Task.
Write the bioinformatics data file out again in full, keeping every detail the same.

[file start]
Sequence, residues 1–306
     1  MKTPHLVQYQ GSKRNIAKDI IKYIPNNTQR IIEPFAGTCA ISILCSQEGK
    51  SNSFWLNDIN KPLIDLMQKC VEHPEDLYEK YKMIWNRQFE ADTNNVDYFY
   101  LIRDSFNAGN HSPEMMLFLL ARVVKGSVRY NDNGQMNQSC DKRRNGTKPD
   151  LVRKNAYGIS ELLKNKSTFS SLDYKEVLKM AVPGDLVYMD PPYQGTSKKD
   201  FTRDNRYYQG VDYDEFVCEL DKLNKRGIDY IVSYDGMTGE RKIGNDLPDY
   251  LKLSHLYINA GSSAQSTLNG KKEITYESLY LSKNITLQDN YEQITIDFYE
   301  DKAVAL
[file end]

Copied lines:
Sequence, residues 1–306
     1  MKTPHLVQYQ GSKRNIAKDI IKYIPNNTQR IIEPFAGTCA ISILCSQEGK
    51  SNSFWLNDIN KPLIDLMQKC VEHPEDLYEK YKMIWNRQFE ADTNNVDYFY
   101  LIRDSFNAGN HSPEMMLFLL ARVVKGSVRY NDNGQMNQSC DKRRNGTKPD
   151  LVRKNAYGIS ELLKNKSTFS SLDYKEVLKM AVPGDLVYMD PPYQGTSKKD
   201  FTRDNRYYQG VDYDEFVCEL DKLNKRGIDY IVSYDGMTGE RKIGNDLPDY
   251  LKLSHLYINA GSSAQSTLNG KKEITYESLY LSKNITLQDN YEQITIDFYE
   301  DKAVAL